Pakistan’s three-time former Prime Minister Nawaz Sharif has indicted the incumbent Army Chief General Qamar Javed Bajwa, current director general of the Inter-Services Intelligence Directorate (DG ISI) General Faiz Hameed Chaudhry, former DG ISI General Zaheer-ul-Islam and the former director general of the Inter-Services Public Relations (DG ISPR) General Asim Salim Bajwa, for toppling his elected government and installing their puppet Imran Khan as the prime minister, through a stolen election.
That the army rigged many elections before and manipulated the political process for six decades, has never been hidden. But a former premier, let alone one with his power base in Punjab – the home of army brass and soldiery – doing so publicly is unprecedented and unheard of in Pakistan.
No sitting army chief, who was not a dictator, has ever been named and shamed publicly by a mainstream politician before.
And that Sharif addressed, from London via video link, an opposition rally at Gujranwala, merely ten miles from General Qamar Bajwa’s hometown Ghakar Mandi, was truly momentous. The rally was held under the aegis of the Pakistan Democratic Movement (PDM), a broad coalition of the opposition political parities that had fired its first salvo just a couple of weeks ago.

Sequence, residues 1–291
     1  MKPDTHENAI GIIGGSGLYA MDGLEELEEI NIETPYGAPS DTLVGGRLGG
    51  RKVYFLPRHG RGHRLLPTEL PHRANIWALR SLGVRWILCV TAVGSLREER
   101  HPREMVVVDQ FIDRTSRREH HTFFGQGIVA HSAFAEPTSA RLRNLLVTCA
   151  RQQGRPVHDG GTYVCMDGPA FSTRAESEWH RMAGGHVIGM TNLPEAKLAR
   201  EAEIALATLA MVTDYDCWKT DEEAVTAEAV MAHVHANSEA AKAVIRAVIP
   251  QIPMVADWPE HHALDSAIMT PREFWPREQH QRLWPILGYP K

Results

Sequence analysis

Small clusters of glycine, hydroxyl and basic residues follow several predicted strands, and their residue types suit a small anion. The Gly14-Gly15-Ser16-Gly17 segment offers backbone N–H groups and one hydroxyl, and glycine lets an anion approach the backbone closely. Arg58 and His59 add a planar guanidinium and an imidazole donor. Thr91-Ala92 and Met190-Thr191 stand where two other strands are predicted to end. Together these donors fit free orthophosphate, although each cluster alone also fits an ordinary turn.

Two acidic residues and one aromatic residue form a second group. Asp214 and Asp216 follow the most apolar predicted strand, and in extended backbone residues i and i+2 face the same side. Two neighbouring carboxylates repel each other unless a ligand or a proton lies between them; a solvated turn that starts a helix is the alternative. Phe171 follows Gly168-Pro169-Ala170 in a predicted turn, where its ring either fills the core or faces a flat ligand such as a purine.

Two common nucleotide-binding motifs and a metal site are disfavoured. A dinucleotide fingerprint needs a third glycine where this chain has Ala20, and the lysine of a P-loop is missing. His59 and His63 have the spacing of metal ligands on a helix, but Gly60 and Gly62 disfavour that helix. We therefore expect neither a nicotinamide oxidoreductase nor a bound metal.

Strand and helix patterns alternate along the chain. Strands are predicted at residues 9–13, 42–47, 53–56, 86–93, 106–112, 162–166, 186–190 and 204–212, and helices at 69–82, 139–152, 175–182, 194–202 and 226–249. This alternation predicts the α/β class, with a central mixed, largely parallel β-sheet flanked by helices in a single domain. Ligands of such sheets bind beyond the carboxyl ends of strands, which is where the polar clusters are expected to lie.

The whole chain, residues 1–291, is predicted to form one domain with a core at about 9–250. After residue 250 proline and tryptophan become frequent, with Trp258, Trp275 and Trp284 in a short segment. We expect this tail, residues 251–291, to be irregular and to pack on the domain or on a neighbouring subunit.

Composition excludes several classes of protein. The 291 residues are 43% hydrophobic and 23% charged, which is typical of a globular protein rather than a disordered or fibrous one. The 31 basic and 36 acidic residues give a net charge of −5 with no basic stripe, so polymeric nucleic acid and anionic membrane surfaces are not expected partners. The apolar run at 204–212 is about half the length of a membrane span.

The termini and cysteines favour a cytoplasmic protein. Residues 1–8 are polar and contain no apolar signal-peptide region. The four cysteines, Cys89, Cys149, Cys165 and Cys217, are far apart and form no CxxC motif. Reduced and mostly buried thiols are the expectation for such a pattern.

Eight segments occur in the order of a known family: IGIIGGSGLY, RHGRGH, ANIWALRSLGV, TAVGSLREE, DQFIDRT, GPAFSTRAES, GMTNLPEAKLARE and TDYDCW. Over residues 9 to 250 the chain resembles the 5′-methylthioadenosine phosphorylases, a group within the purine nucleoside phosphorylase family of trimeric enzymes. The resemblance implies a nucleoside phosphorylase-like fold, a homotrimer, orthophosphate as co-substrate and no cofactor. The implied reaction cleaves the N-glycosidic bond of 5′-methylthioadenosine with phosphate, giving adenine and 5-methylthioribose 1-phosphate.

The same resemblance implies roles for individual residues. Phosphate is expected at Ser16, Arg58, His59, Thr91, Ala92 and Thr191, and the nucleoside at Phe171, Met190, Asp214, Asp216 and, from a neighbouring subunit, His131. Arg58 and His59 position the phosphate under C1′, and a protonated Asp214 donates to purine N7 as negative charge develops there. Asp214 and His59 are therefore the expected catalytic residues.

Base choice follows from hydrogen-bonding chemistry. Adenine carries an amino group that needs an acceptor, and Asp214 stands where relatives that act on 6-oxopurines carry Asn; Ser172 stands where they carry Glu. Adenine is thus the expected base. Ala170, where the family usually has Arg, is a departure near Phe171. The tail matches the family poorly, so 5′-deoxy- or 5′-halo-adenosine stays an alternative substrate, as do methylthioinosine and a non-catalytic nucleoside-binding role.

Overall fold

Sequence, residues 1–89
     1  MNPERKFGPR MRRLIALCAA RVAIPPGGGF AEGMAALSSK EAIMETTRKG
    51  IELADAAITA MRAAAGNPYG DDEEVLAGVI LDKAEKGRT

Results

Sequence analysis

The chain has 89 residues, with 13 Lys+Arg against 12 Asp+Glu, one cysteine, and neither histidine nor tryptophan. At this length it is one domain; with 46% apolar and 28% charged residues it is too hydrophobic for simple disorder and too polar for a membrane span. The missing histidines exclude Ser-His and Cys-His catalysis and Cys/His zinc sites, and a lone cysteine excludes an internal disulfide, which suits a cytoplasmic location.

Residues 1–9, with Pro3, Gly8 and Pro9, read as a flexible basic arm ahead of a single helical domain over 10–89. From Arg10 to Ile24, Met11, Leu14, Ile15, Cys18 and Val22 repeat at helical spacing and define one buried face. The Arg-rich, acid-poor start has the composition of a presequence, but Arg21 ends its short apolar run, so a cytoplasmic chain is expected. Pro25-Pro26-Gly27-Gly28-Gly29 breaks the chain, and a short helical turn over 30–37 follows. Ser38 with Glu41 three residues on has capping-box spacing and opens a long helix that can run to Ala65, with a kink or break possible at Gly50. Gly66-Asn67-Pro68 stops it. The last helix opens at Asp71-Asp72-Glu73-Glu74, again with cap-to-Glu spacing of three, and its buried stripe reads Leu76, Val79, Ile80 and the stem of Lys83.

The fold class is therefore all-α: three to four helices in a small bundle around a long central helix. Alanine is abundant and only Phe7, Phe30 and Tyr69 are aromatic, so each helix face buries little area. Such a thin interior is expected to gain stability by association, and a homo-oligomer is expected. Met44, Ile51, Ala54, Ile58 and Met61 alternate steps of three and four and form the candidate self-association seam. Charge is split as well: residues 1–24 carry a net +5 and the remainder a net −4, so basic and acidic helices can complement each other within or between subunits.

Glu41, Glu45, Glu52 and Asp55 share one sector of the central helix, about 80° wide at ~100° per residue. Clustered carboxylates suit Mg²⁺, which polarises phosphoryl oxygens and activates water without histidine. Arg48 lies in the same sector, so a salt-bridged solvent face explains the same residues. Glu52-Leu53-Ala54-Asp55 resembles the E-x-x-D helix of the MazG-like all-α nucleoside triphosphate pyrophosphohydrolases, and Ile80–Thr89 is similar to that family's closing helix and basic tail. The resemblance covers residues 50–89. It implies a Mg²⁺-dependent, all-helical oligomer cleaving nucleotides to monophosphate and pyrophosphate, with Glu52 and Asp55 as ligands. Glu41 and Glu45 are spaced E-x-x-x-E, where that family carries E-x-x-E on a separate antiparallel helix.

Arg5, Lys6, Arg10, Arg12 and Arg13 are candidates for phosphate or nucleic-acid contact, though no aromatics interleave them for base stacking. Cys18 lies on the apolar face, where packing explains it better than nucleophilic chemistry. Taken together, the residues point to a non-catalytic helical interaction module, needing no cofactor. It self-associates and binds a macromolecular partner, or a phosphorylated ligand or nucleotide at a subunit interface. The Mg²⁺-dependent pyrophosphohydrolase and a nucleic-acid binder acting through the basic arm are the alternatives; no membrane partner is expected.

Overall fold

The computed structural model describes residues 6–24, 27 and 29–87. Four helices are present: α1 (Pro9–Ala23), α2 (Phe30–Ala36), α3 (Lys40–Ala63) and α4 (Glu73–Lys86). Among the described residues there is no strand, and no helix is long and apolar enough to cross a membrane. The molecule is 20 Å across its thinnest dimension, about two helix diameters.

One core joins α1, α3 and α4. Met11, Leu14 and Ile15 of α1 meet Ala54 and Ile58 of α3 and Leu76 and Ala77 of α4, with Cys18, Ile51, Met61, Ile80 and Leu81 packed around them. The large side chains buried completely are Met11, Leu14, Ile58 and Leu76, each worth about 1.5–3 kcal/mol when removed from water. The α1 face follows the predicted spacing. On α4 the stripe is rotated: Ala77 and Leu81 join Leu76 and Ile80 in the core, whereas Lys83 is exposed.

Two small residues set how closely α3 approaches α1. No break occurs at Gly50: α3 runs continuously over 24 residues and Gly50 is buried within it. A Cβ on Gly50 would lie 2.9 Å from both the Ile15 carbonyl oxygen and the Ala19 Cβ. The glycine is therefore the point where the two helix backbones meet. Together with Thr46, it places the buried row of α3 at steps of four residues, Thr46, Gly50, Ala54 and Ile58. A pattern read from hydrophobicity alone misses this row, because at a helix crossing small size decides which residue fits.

Nawaz Sharif is the only prime minister in Pakistan’s history, after Zulfikar Ali Bhutto, who has actually sacked two sitting service chiefs. Bhutto had fired and put under house arrest, General Gul Hassan Khan and Air Marshal Abdul Rahim Khan, on charges of what he had called their Bonapartism. In his second prime ministerial stint, Sharif got General Jehangir Karamat to step down as the Chief of Army Staff (COAS), when the latter a made a public speech calling for the “creation of a military-dominated council that would play a key role in determining government policy”.
And after General Pervez Musharraf engineered and humiliatingly lost the 1999 Kargil War, Sharif had dismissed him, only to be toppled by the army, which stood by its chief, in a coup d’état within hours. Sharif was tried for assorted trumped-up charges, including the hijacking of Musharraf’s plane, jailed and later exiled. He never forgot that. In fact, he had learned it the hard way, even before that.
Nawaz Sharif has unique insight into the army establishment’s mindset and modus operandi, as he once was their chosen man.
He was supported and propped up by the army against the late Benazir Bhutto and her Pakistan Peoples Party (PPP) in the 1980s. But he spent little time in learning not just the political ropes but also the fact that the army’s worldview is simply not compatible with progress and development.
The scion of a business family, Nawaz Sharif saw mega projects, highways, free trade and open borders as the key to prosperity – and political power.
He understood really fast that the army’s zero-sum games lead to an economic dead-end and international isolation. By 1993, he had already proclaimed publicly that he “will not take dictation” from the powers that be. It cost him his first premiership but a lesson was learnt forever.